Ask Steve: Union with Christ


Currently Reading:

The Jesus Quest: The Danger from Within

Editors: Norman L. Geisler & F. David Farnell

Category: Biblical Studies / Apologetics

2014, Xulon Press





Question: Steve, I heard that sanctification is said to be past, present, and future. Can you tell me the idea of “union with Christ.”

Answer: Sanctification has implications for a Christian’s past, present, and future life since it is an indispensable part of a Christian’s life and is connected to the doctrine of union with Christ. Sanctification is defined as a progressive work of God and man that makes us more and more free from sin and like Christ in our actual lives. This definition relates to the Christian’s post-conversion / pre-glorification experience. Since sanctification means to “set apart” or to “consecrate as holy” onto God, it rightly has three stages in a saint’s life. This can also be dubbed the three meanings of sanctification.

In regards to the past, positional sanctification is the removing of the sinner from the penalty of sin and setting him apart onto holiness because of Christ’s righteousness reckoned to his account (1 Cor 6:11; Rom 6:11, 14). In other words, positional sanctification happens when we are saved. Progressive sanctification is the lifelong process of putting off the old sinful nature and putting on the new holy nature of God, day by day (2 Cor 3:18;Col3:10). It is the life long process of growing in the Christian faith. And then there is final sanctification, in which believers are finally and fully set apart from the presence of sin when they receive their glorified bodies and dwell with God forever (Phil 3:21; 1 Cor 15: 35-49).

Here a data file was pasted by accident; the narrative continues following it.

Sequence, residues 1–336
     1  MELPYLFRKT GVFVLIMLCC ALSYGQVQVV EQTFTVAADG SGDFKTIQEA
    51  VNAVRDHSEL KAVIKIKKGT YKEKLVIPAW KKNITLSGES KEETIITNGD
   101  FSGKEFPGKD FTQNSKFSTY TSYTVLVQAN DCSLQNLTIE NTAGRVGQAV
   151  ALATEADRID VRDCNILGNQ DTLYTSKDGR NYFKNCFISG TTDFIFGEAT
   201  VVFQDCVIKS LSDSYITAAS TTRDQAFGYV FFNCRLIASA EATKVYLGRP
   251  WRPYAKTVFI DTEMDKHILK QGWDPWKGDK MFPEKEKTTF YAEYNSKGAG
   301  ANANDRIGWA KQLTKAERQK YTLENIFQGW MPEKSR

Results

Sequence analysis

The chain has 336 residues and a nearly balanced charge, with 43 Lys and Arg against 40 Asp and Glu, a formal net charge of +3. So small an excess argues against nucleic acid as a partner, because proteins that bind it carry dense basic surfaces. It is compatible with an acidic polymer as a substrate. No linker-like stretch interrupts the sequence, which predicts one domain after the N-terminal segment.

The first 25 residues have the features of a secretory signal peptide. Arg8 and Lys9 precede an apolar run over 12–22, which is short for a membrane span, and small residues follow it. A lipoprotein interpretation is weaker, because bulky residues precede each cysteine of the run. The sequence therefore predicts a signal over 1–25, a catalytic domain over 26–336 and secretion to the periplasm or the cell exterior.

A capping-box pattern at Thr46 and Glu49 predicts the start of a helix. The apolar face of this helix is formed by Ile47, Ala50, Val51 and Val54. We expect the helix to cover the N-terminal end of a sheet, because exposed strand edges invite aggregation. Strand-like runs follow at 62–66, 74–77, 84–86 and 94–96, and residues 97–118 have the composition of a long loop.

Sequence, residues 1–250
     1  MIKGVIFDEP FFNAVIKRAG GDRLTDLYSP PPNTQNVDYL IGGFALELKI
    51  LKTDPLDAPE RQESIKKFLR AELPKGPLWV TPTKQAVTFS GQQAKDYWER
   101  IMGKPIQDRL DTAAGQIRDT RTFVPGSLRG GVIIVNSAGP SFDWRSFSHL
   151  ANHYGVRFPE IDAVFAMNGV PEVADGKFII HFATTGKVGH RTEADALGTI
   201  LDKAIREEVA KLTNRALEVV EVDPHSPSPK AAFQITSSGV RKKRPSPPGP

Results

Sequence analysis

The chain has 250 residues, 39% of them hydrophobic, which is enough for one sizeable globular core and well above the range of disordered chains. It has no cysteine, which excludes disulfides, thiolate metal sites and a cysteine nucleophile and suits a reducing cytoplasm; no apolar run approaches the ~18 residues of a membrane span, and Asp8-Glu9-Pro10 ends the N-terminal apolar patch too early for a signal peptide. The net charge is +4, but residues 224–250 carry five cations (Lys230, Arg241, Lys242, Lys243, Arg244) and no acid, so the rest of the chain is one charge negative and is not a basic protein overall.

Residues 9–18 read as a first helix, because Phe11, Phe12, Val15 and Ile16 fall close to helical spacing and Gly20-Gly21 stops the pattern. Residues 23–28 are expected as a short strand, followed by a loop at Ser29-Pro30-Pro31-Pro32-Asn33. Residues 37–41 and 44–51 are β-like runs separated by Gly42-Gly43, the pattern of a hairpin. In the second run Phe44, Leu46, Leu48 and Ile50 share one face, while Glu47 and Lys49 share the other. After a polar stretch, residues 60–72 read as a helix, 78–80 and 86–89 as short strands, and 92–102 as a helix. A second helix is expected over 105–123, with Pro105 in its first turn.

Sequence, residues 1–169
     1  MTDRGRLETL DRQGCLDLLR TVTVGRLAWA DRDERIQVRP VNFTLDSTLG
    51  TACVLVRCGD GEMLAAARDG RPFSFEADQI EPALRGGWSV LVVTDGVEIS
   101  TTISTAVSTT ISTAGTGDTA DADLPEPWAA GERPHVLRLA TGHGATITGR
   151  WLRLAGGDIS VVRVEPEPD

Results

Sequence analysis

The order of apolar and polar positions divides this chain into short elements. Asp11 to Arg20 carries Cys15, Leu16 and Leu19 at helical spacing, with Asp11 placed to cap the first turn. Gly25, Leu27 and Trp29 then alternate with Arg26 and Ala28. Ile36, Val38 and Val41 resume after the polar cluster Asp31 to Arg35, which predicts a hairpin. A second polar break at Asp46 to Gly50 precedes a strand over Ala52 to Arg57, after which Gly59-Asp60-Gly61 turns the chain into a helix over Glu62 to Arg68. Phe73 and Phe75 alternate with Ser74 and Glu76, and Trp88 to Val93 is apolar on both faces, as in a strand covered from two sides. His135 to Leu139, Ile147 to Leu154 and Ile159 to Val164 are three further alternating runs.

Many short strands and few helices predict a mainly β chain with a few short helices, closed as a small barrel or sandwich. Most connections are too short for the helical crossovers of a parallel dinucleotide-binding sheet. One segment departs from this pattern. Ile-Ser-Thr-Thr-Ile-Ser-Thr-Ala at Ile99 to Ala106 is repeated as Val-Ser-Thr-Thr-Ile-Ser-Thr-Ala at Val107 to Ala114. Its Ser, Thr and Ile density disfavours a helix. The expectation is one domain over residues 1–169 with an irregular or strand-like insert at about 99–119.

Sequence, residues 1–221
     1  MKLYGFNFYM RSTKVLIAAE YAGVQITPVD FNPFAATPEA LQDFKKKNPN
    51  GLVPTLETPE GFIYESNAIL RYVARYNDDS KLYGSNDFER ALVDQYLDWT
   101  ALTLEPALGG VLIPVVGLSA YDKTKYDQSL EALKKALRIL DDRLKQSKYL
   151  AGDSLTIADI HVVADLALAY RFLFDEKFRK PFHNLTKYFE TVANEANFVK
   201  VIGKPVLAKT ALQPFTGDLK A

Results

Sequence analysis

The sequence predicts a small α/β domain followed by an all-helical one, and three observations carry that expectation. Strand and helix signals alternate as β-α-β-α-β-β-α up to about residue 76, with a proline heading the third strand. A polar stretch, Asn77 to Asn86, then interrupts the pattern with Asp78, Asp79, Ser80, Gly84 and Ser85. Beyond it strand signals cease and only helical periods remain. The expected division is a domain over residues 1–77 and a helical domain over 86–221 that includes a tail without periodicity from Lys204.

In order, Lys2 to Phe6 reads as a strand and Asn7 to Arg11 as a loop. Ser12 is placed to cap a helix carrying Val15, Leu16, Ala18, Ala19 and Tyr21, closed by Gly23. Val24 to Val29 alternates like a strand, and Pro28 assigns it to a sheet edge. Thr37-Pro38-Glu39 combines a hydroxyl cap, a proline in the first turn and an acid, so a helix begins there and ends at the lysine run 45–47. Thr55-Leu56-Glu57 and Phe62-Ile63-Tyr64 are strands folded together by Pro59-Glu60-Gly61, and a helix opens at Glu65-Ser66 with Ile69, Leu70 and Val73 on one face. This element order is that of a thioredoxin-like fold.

When we are saved and regenerated in the Holy Spirit, God works in us to conform us more to Christ’s likeness, which is made complete when we die and are completely shed of our sinful nature. Until then, we still have our sinful nature and struggle with it (1 John 3:9), but the Holy Spirit empowers and guides us to be set apart from sin and be more like Jesus.

The sanctification process is a lifelong process. It begins at regeneration, when the sinner is justified in God’s sight by faith and given new life through the Holy Spirit (Titus 3:5, 1 Corinthians 6:11). At this stage, he is fully and forever united with Christ. Sanctification increases throughout life, in which the sinner is being sanctified from the power of sin and will continue to be sanctified until death (Philippians 3:13-14, Hebrew 12:14). Finally, sanctification is completed at death (for our souls) or for our living bodies when the Lord returns. At this stage, we are completed set apart from the presence of sin and are made perfectly holy, fully conformed to the image of Christ (Philippians 3:21, 1 Corinthians 15:23). Perfection is something we will never attain while in the unglorified flesh (1 John 1:8), however we are commanded to strive in the direction of holiness, guided always by God the Spirit in the process (2 Thessalonians 2:13, 1 Peter 1:2).

We can only be properly and biblically sanctified if we are in Christ, or united with Christ. As I stated earlier, union with Christ is by faith alone, which justifies a sinner. The four crucial points of “union with Christ” as: 1) We are in Christ, 2) Christ is in us, 3) We are like Christ, 4) We are with Christ. In Christ, Christians receive every benefit of salvation. This includes regeneration, sanctification, and glorification. There is no such thing as being in Christ and rejecting sanctification in one’s life. If we are united with Christ, we experience all the benefits and trials of sanctification, because Christ is the source from which all our righteous obedience derives from (1 Corinthians 1:30, Philippians 3:9). This sanctification culminates in our glorification and eternal walk with God (Colossians 2:12), which is the end goal of our union with Christ.